Published: 2010 by Little, Brown Company | Pages: 178
Bree Tanner can barely remember life before she had uncannily powerful senses, superhuman reflexes and unstoppable physical strength. Life before she has a relentless thirst for blood . . . life before she became a vampire.
All Bree knows is that living with her fellow newborns has few certainties and even fewer rules: watch your back, don’t draw attention to yourself and, above all, make it home by sunrise or die. What she doesn’t know: her time as an immortal is quickly running out.
Then Bree finds an unexpected friend in Diego, a newborn just as curious as Bree about their mysterious creator, whom they know only as her. As they come to realize that the newborns are pawns in a game larger than anything they could have imagined, Bree and Diego must choose sides and decide whom to trust. But when everything you know about vampire is based on a lie, how do you find the truth?
If you liked the Twilight Saga, you’re bound to love Meyer’s latest release. Now, I must admit that I couldn’t remember the character, Bree Tanner particularly well after having read Eclipse, but that was probably due to my slight fixation with Bella and Edward’s catalytic relationship and their fate.
I loved the fact that I, the reader, actually understood what Bree’s real purpose, more that she did. I think this helped to add a certain element of pity to way in which Bree’s character is viewed by us. I really enjoyed her attitude towards her coven, as this added a very much needed comedy value. The way Bree describes the various scuffles and burnings that take place between the group if newborn vampires, is at first a little startling partly because the Cullen family do not act like this. But, as the reader’s mind and attitude adjusts to this unstable group of vampires, I think the reader begins to see the comedic value.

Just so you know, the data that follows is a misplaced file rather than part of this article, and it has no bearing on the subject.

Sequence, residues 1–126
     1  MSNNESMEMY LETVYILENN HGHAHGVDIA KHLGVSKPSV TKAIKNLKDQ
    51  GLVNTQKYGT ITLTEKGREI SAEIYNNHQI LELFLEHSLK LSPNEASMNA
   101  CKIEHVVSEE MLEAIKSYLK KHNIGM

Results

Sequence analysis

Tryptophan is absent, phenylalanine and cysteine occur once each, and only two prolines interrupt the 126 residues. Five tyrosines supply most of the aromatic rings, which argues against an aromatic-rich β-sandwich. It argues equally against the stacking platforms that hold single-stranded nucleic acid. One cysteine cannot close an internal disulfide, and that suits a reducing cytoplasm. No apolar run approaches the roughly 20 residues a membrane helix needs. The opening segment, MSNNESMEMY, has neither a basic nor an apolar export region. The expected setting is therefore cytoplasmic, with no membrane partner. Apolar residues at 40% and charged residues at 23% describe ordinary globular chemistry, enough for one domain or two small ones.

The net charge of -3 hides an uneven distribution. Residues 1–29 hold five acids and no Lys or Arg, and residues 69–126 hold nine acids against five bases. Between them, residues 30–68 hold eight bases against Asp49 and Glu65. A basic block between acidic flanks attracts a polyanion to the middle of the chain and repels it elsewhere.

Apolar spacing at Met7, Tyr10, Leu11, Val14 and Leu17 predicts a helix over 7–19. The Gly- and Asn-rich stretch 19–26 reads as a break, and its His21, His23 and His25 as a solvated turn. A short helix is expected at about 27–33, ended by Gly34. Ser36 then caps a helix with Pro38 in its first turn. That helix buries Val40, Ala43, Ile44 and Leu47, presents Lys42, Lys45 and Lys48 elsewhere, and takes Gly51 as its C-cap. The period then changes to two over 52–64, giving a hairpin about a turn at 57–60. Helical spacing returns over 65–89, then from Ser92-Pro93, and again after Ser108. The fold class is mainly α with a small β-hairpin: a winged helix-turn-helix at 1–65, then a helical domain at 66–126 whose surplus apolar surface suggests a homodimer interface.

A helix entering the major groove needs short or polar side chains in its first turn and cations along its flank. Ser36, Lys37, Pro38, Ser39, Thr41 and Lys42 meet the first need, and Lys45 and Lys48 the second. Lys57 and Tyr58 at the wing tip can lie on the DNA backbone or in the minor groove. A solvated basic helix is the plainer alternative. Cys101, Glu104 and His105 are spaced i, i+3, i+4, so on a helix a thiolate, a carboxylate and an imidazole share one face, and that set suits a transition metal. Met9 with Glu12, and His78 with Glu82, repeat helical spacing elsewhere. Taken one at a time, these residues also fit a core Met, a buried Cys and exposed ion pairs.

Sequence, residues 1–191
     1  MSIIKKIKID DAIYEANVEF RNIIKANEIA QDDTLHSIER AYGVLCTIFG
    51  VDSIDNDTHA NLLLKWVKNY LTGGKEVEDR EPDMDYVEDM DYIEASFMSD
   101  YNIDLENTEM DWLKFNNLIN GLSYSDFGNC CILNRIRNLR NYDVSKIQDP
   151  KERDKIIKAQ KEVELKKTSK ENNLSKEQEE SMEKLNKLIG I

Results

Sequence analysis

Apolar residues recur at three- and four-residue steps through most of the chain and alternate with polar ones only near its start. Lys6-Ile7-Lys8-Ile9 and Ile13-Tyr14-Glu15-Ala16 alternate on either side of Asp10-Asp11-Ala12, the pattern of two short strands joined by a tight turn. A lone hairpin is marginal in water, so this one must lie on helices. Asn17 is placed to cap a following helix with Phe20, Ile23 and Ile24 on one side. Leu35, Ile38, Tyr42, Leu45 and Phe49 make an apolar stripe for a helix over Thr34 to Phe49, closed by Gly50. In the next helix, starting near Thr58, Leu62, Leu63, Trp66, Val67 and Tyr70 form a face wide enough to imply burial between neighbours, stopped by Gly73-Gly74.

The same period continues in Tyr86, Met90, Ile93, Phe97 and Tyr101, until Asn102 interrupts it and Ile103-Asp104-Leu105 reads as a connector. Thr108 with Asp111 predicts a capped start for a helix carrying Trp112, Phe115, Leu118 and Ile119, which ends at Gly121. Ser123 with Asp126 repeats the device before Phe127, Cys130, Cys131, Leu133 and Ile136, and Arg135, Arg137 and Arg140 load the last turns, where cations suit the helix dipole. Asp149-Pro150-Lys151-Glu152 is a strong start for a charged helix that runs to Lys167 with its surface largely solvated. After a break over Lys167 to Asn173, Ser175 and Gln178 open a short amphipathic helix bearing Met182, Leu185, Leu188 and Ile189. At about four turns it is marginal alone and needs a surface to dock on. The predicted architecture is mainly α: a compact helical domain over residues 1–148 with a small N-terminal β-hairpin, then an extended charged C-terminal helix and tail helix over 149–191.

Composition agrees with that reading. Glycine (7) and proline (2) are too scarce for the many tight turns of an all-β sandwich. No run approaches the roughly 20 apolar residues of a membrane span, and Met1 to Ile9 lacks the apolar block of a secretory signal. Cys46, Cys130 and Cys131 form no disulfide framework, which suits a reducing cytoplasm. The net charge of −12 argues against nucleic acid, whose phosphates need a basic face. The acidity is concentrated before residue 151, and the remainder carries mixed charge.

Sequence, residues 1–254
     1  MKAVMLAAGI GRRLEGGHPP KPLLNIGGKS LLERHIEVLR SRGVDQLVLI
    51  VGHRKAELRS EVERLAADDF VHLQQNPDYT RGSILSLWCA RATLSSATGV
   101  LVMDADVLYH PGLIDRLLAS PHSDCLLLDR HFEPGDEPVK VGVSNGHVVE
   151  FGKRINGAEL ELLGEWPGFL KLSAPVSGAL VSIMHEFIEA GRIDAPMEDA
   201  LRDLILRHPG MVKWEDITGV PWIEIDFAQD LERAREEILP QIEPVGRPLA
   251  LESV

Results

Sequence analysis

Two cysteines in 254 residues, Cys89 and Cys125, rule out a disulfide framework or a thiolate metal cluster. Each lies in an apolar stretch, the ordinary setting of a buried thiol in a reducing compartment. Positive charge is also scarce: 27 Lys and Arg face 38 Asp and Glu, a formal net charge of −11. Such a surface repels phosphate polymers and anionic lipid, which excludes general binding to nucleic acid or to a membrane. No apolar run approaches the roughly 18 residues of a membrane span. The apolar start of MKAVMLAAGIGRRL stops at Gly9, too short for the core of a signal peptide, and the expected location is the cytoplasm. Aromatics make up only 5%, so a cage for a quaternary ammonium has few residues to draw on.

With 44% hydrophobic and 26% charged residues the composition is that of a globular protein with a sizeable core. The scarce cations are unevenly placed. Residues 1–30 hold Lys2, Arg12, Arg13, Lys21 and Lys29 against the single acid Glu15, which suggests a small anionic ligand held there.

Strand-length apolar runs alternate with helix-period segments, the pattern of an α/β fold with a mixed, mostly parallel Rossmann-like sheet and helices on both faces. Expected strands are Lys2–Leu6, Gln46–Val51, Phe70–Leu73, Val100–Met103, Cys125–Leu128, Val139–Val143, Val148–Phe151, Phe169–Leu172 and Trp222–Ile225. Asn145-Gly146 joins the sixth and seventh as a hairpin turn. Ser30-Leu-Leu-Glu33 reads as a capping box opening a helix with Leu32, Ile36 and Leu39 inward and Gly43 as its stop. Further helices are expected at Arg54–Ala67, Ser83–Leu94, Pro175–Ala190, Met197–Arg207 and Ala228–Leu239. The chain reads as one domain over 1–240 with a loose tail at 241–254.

Meyer brings in one of the pivotal characters from the third instalment of the saga, Eclipse – Riley. We discover through Bree’s ability to be able to think about other things instead of just blood, that Riley is Victoria’s right hand man. As the plot line unfolds, the reader becomes aware of the developing friendship between Bree and Diego, one of Riley’s older vampires. By adding this relationship, Meyer adds the romantic twist needed to make the novella feel like a Twilight saga novella. A hint of Bella and Edward in the future perhaps?
A clear theme throughout the novel is good vs. evil. This is taken to another level due to all the parties involved in the main plot supposedly being evil creatures, vampires. I enjoyed the way Meyer made a clear distinction between the cliques in Riley’s coven. With Bree, I feel Meyer has made it quite obvious that this vampire girl is somewhat similar to Bella Swan. If you’ve read the entire twilight saga, one will understand. Bree seems to be able to have the ability to think about things other than blood, which shows a level of self control in a newborn of three months. Bree seems more akin to Diego, rather than Raoul or Kevin, who act as a normal newborn vampire would be expected to act.
I really like having another perspective on the third novel, Eclipse. This is because if I were to go back to the novel, and re-read it, I would have another viewpoint in my mind when there are references to Victoria and her newborn army. This in turn, would help the reader to form a different opinion on characters such as Riley and Victoria.
All in all, I really enjoyed the book, I actually read it in one sitting! So a definite read for Twilight fans or Stephenie Meyer fans!